2. ERP suite applications talk to each other well but don't provide hooks for applications from other vendors to talk to them. This was a boon in ERP but is increasingly becoming bane. Now an ERP not only requires to speak to one another of its own kind but also to another kind from another vendor that provides the functionality that the industry needs. That means building additional interfaces that the earlier era did not need. However, newer middleware technologies such as SOAP and web services are increasingly making it possible to build generic interfaces that only need to talk the language of the function and not the language of the application. For example, a Product Information Management (PIM) application could talk to a merchandising application exchanging product information with the SOA based connector sitting in the middle and translating the PIM speak to Merchandising System speak and vice versa. PIM could now also talk to other downstream systems such as Store POS or Warehouse Management system directly facilitated by this SOA layer.
  3. Now retailer could go and buy a best of breed solutions and interface it to its ERP if the latter doesn't provide the functionality it needs with the middleware taking care of the translation thereby enabling business processes and protecting investment.In the long run, they might not even want or need an ERP and let multiple BoB applications talk to each other facilitated by the middleware layer.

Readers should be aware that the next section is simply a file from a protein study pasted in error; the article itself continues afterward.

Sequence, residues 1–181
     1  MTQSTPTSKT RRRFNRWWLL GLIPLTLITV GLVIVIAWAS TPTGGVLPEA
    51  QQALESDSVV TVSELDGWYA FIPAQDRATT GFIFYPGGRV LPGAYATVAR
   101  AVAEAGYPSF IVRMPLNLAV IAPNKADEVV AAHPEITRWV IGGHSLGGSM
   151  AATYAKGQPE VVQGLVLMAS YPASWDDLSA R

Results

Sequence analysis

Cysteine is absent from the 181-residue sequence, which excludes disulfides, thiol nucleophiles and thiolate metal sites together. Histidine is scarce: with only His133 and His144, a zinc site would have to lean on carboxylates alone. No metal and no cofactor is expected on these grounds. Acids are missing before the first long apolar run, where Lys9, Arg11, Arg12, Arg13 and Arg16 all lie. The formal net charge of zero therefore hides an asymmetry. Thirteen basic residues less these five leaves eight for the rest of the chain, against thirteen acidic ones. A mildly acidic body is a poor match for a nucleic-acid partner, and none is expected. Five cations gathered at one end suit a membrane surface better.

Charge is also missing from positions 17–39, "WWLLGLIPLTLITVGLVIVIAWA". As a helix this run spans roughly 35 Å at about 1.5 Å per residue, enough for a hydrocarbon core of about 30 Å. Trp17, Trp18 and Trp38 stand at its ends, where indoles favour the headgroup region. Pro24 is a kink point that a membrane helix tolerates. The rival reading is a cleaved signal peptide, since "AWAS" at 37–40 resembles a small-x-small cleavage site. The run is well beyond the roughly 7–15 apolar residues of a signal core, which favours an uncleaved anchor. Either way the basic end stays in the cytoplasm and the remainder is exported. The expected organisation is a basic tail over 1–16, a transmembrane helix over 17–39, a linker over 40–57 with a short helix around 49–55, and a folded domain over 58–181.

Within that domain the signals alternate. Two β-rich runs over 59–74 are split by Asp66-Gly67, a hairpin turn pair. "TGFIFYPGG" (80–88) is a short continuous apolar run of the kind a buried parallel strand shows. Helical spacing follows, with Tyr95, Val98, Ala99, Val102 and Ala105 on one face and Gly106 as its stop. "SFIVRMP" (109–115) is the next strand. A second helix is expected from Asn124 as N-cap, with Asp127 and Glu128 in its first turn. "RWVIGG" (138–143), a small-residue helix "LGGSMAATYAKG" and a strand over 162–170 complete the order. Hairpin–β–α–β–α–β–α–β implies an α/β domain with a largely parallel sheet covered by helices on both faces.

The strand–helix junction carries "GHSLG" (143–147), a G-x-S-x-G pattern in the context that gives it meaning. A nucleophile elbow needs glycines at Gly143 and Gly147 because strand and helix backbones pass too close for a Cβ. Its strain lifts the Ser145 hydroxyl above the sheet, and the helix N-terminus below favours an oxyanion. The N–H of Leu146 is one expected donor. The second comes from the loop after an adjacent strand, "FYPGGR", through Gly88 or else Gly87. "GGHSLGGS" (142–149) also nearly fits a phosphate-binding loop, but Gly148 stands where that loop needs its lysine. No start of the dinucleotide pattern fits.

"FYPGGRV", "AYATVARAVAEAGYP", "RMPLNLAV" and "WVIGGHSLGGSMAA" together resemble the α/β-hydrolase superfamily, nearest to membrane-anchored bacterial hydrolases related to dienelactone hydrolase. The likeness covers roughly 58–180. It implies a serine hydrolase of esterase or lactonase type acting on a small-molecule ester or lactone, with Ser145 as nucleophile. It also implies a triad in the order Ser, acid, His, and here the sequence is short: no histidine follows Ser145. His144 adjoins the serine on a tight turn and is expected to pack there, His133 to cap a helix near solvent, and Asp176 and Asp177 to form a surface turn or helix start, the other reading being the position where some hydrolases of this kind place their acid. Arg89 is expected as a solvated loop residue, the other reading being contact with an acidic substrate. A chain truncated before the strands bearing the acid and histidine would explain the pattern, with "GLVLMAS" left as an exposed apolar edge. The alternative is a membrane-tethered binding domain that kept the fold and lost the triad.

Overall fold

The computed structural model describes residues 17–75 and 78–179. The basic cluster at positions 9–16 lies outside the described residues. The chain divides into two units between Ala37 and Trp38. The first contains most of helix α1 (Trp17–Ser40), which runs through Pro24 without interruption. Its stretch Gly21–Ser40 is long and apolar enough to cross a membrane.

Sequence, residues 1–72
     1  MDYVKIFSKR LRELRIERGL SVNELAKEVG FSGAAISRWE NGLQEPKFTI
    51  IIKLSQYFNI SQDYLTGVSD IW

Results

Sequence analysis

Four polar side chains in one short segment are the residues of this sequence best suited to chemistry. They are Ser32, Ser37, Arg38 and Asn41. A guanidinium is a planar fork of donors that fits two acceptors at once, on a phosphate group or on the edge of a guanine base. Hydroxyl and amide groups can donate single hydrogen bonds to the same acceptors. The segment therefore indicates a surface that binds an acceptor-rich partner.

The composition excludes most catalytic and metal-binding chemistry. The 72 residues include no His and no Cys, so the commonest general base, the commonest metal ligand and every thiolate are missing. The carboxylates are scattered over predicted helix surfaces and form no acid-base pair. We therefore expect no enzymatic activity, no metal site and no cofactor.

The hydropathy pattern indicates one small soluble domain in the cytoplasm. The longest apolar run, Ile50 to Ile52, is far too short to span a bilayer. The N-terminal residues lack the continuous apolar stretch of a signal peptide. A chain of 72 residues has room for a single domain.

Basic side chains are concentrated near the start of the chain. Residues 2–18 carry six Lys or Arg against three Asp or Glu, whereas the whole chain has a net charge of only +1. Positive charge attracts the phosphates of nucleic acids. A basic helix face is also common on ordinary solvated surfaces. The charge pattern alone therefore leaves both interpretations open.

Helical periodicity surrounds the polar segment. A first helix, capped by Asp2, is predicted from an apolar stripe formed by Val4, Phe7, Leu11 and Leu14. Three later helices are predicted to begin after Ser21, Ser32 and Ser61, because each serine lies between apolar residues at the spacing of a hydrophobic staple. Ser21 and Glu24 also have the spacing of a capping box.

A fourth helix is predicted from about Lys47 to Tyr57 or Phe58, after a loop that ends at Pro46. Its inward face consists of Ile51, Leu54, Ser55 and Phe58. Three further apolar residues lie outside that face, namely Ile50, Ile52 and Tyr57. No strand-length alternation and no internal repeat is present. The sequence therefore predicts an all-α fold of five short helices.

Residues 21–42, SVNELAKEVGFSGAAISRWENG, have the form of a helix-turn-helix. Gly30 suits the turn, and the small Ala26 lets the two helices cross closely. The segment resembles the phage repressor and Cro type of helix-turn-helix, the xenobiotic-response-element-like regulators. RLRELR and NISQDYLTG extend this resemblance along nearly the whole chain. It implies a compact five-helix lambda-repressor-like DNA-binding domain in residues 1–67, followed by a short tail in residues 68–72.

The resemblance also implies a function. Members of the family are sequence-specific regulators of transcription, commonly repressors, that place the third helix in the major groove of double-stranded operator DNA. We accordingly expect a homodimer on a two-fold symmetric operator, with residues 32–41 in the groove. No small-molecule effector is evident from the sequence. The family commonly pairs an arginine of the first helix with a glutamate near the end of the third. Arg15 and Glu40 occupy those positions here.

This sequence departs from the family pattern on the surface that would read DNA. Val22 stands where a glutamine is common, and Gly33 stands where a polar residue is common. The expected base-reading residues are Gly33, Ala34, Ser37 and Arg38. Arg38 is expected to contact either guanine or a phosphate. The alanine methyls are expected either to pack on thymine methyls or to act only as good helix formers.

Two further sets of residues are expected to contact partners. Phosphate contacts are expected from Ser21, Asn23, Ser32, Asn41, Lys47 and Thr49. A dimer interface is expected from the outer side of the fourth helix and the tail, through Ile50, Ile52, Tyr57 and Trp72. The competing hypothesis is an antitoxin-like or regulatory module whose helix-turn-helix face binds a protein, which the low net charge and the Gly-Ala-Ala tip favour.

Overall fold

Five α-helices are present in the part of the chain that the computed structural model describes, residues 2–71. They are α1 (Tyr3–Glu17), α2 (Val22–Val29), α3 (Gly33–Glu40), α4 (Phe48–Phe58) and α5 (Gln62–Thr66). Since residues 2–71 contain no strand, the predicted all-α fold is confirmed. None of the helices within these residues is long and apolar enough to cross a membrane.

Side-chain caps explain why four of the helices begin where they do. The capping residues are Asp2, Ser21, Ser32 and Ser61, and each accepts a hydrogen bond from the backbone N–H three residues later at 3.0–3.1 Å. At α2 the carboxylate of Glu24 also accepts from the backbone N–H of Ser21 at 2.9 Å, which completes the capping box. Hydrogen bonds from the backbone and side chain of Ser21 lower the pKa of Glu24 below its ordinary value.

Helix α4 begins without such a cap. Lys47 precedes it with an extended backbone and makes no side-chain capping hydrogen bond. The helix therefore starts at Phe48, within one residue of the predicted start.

That said, ERPs are still in place and probably will continue to be in place to tie everything together at the enterprise level until either retailers or BoB application vendors could think enterprise and put in standardized retail processes and technology in place to integrate various applications seamlessly including with the financial accounting system.

ERP vendors need to heed that fact that best of breed applications are nibbling away from them individual functionality that the ERPs earlier provided. Unless they shun the rigidity and become more agile - in time to market with new releases and functionality that the retailers need - more best of breeds applications will be brought in lessening the need for ERPs completely. Coming out with one major release in 3 years is a call for the death knell in long run.